Dear Dr. roach: A few years ago, when I was being prepared for a colonoscopy and gastroscopy, I was given an IV line in my right arm with a sedative in it. As I waited to pass out, I saw a large bubble move slowly along the IV line to my arm. I was concerned about an air embolism and called the nurse, who pooh-poohed my concern: “It’s just a bubble! It won’t hurt you.” I insisted to see the nurse on duty, who came over to me, turned off the IV and waved her finger over the line several times so that the air bubble went up in the line. Then she squeezed closed the line, turned the IV back on and tapped the line a few more times, until the air bubble floated in the IV bag and waddled up, she released her sniff on the IV line and said, “There. Are you happy now?” ” and walked away.
Was I right to be concerned? I’m glad the sedative hadn’t kicked in when the problem arose! But I would like to know the answer, just in case this happens again.
Best FM: Before medical school, I had also heard that injecting air into a vein can be fatal, so I understand why you were concerned. However, I have learned that the amount of air it takes to do damage is VERY large. An air bubble can be 0.2 cc and still look quite significant in the IV tubing. The minimum amount that can cause symptoms is a hundred times as much, 20 cc, but it probably takes a lot more to be fatal, usually over 150 cc. I bet nurses hear those concerns often. But it doesn’t excuse her behavior, which sounded quite rude as you describe it.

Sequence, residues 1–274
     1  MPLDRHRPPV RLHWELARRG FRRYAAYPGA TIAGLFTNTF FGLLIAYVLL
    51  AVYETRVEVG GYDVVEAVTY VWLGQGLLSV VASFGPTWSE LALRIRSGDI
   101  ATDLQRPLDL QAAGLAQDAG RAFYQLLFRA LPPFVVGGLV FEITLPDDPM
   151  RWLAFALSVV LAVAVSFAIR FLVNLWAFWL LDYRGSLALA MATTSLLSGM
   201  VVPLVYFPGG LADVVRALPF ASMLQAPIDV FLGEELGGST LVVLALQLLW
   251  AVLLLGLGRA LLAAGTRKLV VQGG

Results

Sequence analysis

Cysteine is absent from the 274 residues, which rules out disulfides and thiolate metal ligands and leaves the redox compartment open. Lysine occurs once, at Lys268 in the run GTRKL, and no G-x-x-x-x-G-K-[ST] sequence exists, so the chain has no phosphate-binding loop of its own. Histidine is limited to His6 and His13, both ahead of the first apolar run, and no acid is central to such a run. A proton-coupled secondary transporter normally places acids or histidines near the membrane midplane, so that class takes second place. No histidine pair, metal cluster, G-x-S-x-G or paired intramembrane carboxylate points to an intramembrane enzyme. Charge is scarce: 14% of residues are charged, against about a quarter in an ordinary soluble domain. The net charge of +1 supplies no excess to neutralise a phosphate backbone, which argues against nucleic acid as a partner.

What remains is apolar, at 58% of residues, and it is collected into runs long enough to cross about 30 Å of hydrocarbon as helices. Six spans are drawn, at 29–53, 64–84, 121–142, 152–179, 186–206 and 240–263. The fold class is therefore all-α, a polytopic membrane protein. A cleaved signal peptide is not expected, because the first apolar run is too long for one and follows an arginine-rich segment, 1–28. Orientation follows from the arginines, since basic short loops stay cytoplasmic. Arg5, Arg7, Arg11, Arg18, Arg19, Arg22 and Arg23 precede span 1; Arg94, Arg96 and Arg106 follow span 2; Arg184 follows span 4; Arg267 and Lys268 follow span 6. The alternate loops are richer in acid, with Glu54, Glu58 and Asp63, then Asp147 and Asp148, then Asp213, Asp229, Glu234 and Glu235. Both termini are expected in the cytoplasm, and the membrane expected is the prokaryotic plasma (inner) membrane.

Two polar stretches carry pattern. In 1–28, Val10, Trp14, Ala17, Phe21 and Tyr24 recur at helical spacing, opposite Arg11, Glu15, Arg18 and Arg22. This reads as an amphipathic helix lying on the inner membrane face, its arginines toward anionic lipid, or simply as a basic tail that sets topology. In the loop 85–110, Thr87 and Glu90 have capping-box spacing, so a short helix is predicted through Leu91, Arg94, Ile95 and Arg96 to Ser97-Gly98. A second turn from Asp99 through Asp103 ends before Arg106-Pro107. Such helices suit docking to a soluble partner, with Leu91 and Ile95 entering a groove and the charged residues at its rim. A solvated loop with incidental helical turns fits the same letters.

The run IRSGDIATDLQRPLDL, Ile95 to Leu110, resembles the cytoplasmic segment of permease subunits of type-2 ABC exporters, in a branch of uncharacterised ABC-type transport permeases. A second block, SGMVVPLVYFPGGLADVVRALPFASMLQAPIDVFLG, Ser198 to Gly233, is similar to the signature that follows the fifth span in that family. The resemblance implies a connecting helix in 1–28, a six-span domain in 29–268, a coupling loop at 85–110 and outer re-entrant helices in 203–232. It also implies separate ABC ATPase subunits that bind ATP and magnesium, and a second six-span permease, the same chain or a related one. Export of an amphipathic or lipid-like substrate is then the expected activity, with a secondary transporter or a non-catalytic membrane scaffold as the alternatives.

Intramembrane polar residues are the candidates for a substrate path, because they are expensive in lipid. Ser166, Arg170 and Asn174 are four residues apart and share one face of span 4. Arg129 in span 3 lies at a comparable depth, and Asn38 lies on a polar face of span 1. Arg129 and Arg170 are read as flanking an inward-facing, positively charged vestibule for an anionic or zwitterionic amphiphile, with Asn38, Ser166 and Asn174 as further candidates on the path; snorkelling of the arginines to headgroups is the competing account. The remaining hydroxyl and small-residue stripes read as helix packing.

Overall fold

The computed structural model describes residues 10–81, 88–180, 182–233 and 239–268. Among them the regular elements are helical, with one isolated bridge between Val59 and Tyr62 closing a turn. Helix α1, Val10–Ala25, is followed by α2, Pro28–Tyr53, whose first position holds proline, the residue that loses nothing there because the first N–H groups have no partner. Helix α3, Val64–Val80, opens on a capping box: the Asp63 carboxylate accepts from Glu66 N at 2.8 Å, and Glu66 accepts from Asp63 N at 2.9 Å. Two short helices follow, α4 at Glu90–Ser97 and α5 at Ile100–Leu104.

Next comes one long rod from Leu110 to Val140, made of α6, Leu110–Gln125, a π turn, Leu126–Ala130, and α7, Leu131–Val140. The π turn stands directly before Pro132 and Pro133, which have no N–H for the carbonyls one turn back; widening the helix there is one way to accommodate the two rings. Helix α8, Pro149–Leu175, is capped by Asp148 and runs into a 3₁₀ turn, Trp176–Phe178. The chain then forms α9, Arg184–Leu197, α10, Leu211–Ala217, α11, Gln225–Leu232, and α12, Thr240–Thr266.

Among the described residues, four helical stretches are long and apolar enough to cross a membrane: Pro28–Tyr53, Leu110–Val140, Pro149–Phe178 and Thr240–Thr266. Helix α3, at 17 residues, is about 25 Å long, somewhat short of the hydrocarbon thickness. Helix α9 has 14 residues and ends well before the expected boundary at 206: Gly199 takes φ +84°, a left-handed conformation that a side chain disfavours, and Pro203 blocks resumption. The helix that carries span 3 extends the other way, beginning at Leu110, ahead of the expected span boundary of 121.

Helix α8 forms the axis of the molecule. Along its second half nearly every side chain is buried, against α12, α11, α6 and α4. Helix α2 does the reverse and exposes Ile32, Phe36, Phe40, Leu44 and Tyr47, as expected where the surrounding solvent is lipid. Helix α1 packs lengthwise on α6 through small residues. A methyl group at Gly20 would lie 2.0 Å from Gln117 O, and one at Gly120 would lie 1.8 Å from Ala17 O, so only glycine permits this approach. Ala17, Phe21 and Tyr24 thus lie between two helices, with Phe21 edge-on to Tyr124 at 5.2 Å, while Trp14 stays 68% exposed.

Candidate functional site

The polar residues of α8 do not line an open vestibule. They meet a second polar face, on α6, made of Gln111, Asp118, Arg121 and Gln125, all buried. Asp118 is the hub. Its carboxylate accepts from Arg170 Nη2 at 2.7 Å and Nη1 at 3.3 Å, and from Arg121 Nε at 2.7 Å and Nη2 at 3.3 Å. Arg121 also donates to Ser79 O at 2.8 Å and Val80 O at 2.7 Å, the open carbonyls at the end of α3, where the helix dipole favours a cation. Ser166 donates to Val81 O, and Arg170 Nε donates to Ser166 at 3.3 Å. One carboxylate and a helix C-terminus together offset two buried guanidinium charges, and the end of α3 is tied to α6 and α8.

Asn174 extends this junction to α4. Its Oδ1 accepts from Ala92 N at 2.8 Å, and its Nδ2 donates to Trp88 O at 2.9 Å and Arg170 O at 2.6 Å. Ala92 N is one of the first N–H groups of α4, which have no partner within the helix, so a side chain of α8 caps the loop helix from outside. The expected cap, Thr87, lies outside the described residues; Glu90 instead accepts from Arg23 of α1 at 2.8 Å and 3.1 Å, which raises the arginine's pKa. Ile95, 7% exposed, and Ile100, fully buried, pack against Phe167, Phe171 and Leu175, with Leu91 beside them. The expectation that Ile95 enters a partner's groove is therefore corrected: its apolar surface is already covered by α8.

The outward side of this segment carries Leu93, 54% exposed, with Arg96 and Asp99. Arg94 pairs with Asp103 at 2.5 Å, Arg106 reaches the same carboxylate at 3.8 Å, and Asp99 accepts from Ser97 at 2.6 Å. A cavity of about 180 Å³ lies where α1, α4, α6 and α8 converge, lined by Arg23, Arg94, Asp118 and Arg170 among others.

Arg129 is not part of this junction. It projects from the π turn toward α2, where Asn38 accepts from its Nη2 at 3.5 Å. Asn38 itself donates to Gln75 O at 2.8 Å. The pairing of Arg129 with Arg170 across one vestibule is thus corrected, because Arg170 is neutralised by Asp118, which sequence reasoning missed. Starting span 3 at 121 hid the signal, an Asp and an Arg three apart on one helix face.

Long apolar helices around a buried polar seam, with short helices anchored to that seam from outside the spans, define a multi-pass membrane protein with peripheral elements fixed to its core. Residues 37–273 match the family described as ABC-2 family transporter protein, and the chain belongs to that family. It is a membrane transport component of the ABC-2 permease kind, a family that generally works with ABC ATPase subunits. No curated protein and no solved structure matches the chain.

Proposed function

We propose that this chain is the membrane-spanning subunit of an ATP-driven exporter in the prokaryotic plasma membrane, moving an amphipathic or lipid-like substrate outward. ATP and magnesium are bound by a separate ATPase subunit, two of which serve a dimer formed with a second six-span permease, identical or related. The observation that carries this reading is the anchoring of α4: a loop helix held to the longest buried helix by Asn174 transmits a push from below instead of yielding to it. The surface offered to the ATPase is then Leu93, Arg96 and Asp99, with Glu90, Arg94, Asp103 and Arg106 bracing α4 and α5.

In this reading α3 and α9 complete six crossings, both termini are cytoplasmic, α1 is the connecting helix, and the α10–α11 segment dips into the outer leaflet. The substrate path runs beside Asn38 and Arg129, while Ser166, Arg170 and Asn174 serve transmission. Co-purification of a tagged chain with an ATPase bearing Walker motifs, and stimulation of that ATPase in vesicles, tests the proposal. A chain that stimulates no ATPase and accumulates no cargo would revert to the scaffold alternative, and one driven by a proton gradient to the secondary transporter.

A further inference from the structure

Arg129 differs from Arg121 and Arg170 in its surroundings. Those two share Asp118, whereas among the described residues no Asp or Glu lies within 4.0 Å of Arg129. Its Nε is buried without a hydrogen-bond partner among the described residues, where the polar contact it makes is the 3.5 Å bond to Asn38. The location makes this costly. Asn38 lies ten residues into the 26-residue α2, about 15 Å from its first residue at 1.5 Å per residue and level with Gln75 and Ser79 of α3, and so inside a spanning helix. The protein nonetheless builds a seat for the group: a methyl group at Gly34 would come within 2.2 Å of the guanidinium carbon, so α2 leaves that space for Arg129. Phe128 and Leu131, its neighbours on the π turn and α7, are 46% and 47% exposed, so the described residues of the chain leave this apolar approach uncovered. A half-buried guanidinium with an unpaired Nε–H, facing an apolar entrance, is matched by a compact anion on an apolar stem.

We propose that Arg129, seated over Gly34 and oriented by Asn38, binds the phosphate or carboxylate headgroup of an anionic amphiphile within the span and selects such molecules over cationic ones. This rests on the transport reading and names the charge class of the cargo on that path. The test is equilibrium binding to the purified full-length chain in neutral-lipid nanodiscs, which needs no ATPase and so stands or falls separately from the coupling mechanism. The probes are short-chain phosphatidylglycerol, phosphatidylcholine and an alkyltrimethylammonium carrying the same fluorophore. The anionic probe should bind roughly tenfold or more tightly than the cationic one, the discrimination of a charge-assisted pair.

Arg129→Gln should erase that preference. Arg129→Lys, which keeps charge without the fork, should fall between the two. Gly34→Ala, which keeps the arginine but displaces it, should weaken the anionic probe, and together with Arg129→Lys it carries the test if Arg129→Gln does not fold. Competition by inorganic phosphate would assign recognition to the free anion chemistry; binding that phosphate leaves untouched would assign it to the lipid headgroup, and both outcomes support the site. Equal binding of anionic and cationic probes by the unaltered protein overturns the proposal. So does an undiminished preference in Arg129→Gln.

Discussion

Dear Dr. roach: Since the AREDS and AREDS-2 supplements are ineffective nearly 70% of the time, recommend that the patient discontinue the AREDS and AREDS-2 if you have a patient who is clearly progressing to the advanced stages of age-related macular degeneration treatments?
Dear MSB: Age-related macular degeneration is a common cause of vision loss in older people. There are two forms: the proliferative or “wet” form is treated aggressively, usually with injections directly into the eye. The more common “dry” form has no treatment other than the blend of vitamins and minerals used in studies. You’re right that the vitamins usually don’t stop the progression of AMD completely, but they can slow it down.
If a treatment doesn’t work, it’s generally wise to stop taking it and try something else. However, as there are no known other treatments for dry AMD, the decision must be made whether there are any drawbacks of the treatment that outweigh the benefits. In this particular case, the AREDS vitamins can slow progression compared to receiving no treatment at all. The risk of treatment is negligible. (The beta-carotene in the original AREDS formulation increased the risk of lung cancer in smokers. Smokers with AMD should stop smoking and use the AREDS-2 formulation.) The cost is quite low, so I generally recommend sticking with it. go with the supplement.
Readers can email questions to ToYourGoodHealth@med.cornell.edu.